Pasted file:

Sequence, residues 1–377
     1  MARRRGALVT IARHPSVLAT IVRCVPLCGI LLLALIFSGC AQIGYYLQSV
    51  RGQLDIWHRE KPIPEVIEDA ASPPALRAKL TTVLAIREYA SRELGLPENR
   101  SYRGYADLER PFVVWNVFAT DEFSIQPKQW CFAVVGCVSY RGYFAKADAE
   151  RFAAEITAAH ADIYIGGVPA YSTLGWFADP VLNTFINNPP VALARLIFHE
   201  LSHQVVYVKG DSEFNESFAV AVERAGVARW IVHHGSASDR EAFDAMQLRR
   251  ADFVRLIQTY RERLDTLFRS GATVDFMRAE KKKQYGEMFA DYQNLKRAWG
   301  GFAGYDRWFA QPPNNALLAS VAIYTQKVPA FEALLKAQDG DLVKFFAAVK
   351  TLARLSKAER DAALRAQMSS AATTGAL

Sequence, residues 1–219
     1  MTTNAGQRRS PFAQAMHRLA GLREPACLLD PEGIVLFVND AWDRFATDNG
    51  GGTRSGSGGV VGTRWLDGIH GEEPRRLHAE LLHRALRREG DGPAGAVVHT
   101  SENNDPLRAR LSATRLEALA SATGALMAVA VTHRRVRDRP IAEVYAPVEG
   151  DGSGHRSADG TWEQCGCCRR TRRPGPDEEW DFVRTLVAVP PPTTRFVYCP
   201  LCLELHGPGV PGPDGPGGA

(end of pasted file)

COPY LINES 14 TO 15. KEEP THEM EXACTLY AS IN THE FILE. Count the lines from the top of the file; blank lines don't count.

   151  DGSGHRSADG TWEQCGCCRR TRRPGPDEEW DFVRTLVAVP PPTTRFVYCP
   201  LCLELHGPGV PGPDGPGGA